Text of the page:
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post #91 of 290
dude buy the silicone handle!!!!
post #92 of 290
Quote:
Originally Posted by indesertum View Post

so no silicon handle? i think we'll see how a kitchen towel goes.
hmmm. i dont think you're supposed to deglaze with cast iron at least not with acidic things. maybe just an omelette pan for now.
thanks to the two of you
Quote:
Originally Posted by mexicutioner View Post

dude buy the silicone handle!!!!

Yes, buy the silicone handle. I think it will make a difference. I mean what are you actually going to do with the pan, cook an omelette, maybe make some crepes, or at the longest sear a piece of fish? With that amount of time the handle will be fine. However, if you're cooking on it for 3-4 hours straight, like running an omelette bar or something like that off of it, then the handle becomes worthless.
post #93 of 290
For anything eggs, I just absolutely love the Bakers & Chefs non-stick pans they sell at Sam's Club. Substantial aluminum body retains plenty of heat while remaining lightweight enough for flipping stuff, nonstick surface holds up well, shape is great (flared rim for pouring), and you can't complain about the price. The 8" pan is like $12, I think $15 for the 10"... buy both.

Only slight drawback is that the rubber (silicone?) handles are just slipped on over a straight (riveted) metal handle, so they tend to want to slip off.
post #94 of 290
oh i see what you're saying.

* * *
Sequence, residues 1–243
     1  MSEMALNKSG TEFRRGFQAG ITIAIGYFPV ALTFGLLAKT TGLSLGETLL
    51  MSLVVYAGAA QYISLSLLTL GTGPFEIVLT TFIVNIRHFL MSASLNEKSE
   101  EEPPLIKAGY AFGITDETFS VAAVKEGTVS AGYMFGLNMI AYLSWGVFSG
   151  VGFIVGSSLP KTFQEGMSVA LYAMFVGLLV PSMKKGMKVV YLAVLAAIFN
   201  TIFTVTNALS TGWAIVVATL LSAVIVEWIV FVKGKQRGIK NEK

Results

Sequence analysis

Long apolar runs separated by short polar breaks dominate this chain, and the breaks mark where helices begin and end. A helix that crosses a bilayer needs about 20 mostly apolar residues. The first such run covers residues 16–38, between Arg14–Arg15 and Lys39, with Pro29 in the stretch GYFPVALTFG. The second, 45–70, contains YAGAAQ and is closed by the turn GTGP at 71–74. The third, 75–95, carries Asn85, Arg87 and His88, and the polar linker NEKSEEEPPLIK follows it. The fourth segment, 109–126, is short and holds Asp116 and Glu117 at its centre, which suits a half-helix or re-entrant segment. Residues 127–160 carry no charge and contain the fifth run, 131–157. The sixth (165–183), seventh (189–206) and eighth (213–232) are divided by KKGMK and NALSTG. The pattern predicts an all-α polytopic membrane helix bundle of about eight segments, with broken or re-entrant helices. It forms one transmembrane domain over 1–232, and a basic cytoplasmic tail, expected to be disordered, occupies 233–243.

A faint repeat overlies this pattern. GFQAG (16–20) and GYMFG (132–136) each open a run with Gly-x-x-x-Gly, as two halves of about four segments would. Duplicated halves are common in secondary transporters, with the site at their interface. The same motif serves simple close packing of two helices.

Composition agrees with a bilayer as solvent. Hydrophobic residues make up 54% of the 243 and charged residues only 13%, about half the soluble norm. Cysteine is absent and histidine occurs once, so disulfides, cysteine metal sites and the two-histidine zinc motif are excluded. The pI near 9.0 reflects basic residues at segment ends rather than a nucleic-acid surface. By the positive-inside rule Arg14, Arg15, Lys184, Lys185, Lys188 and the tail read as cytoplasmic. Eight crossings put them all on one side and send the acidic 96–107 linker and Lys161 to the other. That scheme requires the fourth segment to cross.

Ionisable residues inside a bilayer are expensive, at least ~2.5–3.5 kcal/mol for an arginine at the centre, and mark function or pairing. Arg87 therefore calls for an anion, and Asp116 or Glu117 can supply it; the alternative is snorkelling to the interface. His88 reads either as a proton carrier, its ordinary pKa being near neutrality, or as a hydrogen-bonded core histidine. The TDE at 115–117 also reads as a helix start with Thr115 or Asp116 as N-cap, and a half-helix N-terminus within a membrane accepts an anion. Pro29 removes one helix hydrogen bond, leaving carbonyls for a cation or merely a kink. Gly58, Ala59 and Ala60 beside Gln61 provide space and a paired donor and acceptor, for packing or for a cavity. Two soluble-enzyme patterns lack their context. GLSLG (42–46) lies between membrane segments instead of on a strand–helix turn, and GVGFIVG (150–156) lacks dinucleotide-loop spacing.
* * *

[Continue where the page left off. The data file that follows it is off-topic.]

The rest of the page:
kwilk what kind of pans do you use at your restaurant?


i thought about non stick but i dont want to the non stick coating to come off eventually. i'd like to buy something my kids will use.
post #95 of 290
For nonstick, we get cheap restaurant supply store stuff. For other stuff, we have a mixture of all clad and nicer resto supply.
post #96 of 290
i pulled a trigger. maybe i'll post pics post seasoning
post #97 of 290
I'll probably buy a carbon steel pan for my omelettes, too. Think I'll go with De Buyer.
post #98 of 290
dude check to see if there's a restaurant supply store nearby you. they generally have carbon steel pans
post #99 of 290
+1 on DeBuyer, I have a 10.2", awesome pan...I dumped non-stick awhile ago for health concerns.
post #100 of 290
De Buyer isn't that expensive, is it? I mean, 40€ for a pan that will last a long time is reasonable, isn't it?

http://www.amazon.co.uk/gp/product/B00008WFG0/ref=olp_product_details/278-1324415-1947755?ie=UTF8&me=&seller=
What's the deal with it? Is this a normal Le Creuset cocotte? I wanted to buy a Staub 28cm cocotte either way - they are much more beautiful but cost like 1.5 times. 100 bucks for a Le Creuset cocotte is a bargain.
post #101 of 290
no debuyer is expensive compared to other carbon steel pans. prices apparently doubled within the past few years. paderno is the other name that i hear a lot. much cheaper but it is made in china
post #102 of 290
Just ordered the 28cm Le Creuset cocotte for 90€ (shipping included). icon_gu_b_slayer[1].gif
Do you think 25€ for a 28cm pan is way overprcied indesertum?
post #103 of 290
Are the De Buyer tamis/drum sieves/flour sieves good in regard to stability of the sieve-part when straining?
And, once again, if you live in Europa (and probably if you don't it's still cheap...) Le Cresuet Cocotte 28cm for 70 GBP!!!
post #104 of 290
Quote:
Originally Posted by b1os View Post

Just ordered the 28cm Le Creuset cocotte for 90€ (shipping included). icon_gu_b_slayer[1].gif
Do you think 25€ for a 28cm pan is way overprcied indesertum?

no way. it's just that when i looked at prices de buyer were more expensive for seemingly the same pan. maybe different in europe. and looking at it again really not that big of a difference

wow that's a good price icon_gu_b_slayer[1].gif
post #105 of 290
There seem to be big differences. In Germany it costs like 35-40€, in France (amazon.fr) 25€ plus a few € shipping.
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